Mohammad, a boy at Tehran's institute for the blind, waits for his dad to pick him up for summer vacation. While waiting, he realizes a baby bird has fallen from its nest: he chases away a ... See full summary »
In Bedridge, Professor Parker Wilson finds an abandoned dog at the train station and takes it home with the intention of returning the animal to its owner. He finds that the dog is an Akita and names it Hachiko. However, nobody claims the dog so his family decides to keep Hachi. Written by
Claudio Carvalho, Rio de Janeiro, Brazil
The baseball game that Parker watches with Hachi is Game 6 of the 1996 World Series, which the New York Yankees beat the Atlanta Braves 3-2 to win their 22nd World Series championship. See more »
When Hachiko has moved in with Andy, Michael and Ronnie (still a baby), he is shown laying on the floor, while Ronnie collides with the dog repeatedly in his baby walker. In the first shot showing the walker from the side, the baby is absent from his walker. Cut to a master shot showing baby Ronnie in the walker, followed by another shot of the walker colliding with Hachi, similar to the first which shows now the baby's legs. See more »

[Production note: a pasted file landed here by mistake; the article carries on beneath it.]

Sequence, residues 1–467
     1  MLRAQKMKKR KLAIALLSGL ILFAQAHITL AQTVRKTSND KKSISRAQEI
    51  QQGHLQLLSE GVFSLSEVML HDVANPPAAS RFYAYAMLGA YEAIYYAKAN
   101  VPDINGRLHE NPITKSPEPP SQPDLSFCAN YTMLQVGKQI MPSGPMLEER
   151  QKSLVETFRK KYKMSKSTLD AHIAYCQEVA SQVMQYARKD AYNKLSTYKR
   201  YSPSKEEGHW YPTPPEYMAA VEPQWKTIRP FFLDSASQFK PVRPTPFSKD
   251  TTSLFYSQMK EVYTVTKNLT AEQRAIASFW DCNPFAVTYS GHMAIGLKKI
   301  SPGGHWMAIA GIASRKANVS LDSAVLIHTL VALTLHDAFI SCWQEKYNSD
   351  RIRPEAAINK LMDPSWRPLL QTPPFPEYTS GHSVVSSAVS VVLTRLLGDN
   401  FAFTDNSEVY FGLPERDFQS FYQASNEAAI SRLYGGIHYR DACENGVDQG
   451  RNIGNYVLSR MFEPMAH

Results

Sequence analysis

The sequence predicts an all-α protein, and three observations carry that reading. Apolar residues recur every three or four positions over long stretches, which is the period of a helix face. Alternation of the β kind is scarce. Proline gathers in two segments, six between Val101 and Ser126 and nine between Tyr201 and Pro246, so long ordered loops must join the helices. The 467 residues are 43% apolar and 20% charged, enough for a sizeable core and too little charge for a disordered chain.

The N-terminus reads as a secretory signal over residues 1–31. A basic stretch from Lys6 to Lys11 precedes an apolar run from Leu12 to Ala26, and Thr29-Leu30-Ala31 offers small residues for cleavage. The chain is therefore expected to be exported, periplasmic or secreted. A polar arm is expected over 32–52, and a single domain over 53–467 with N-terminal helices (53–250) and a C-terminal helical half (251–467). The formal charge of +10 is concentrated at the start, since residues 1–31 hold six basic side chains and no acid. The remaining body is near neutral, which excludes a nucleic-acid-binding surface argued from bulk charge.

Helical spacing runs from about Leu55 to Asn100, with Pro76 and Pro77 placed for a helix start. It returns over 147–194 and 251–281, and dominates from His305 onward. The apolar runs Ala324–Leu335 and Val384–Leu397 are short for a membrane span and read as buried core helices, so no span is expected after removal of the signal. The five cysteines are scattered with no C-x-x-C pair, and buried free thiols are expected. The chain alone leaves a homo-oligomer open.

[Talking in Japanese]
It's been a year, hasn't it? I wake up sometimes in the middle of the night and think about Parker. He was a good friend. I understand how you feel. Hachi, my friend, Parker is never coming home. But if Hachiko wants to wait, then Hachiko should wait. You want to wait for him, don't you? Have a long life, Hachi.
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Well, I just came back from seeing this in Shinjuku earlier and I can honestly say that I have NEVER seen so many people crying at the end of a movie.... it really is a sad story.
However, it's also a heartwarming tale of loyalty, about how people and dogs are more than just friends and, I guess most of all, about how a dog's love for its master never fades - even after his/her death!
Richard Gere was fantastic in this movie, he bonded really well with the dog and it never felt like watching an actor at all - it genuinely seemed to be a movie with his own dog!
I highly recommend this to people of all ages. There are enough bits to laugh at (seeing Richard Gere teaching his dog to play 'fetch' was brilliant!) and the story is portrayed really well (even if there were some changes made to the original Japanese tale)
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